Opening 28 Jul 2016
The 1930s were a time of turmoil, rife with prejudice and bigotry. The USA was torn with racial hatred, the divide between African Americans and White Americans still wide, even as integration marched through the south. On the other side of the Atlantic the western world watched with slow realization the racial and religious persecution in Europe. In the midst of this instability the 1936 Olympics were set to take place under the Nazi regime in Berlin, but on a world stage.
This biographical drama focuses on the life of a young black man, Jesse Owens (Stephan James), and his remarkable athletic ability. The singular focus needed by this young man, at an age where people of color were forced to sit in the back of the bus and use the back door at prestigious hotels, was remarkable. Jesse’s natural ability combined with his will power propelled a black man to best Hitler’s Aryan, supposedly superior athletes, showing the world that the notion of superior race was in the dust behind Jesse’s four gold medals.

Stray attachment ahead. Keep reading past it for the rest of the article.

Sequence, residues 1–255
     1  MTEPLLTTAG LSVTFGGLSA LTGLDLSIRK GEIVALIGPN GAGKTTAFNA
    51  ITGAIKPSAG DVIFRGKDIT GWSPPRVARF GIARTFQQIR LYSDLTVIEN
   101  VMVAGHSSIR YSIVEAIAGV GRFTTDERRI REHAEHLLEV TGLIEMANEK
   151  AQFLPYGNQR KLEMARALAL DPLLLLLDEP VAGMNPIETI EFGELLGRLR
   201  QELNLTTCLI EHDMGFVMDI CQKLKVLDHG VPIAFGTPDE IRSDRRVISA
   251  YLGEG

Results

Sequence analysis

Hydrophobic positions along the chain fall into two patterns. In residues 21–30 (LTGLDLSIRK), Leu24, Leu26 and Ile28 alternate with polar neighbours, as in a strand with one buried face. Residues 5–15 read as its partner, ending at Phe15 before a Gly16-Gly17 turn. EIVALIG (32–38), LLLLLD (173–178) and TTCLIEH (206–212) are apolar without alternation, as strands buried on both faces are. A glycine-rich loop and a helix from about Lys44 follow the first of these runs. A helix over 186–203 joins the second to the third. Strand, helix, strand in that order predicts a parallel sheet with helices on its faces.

The secondary element of this film portrays a world of sports no more above politics and corruption then they are today. However, at that time the illustrious USA Olympic committee agreed to far too many requirements of the Nazis, a truly atrocious act due to the desire for status and position.
Overall, a solid film with good performances from James and Jason Sudeikis -- as Jesse Owen’s coach, Larry Snyder. This is a truly incredible true story that reminds us that although the world is 80 years down the track we are still a world full of turmoil, prejudice, and bigotry. (Christine Riney)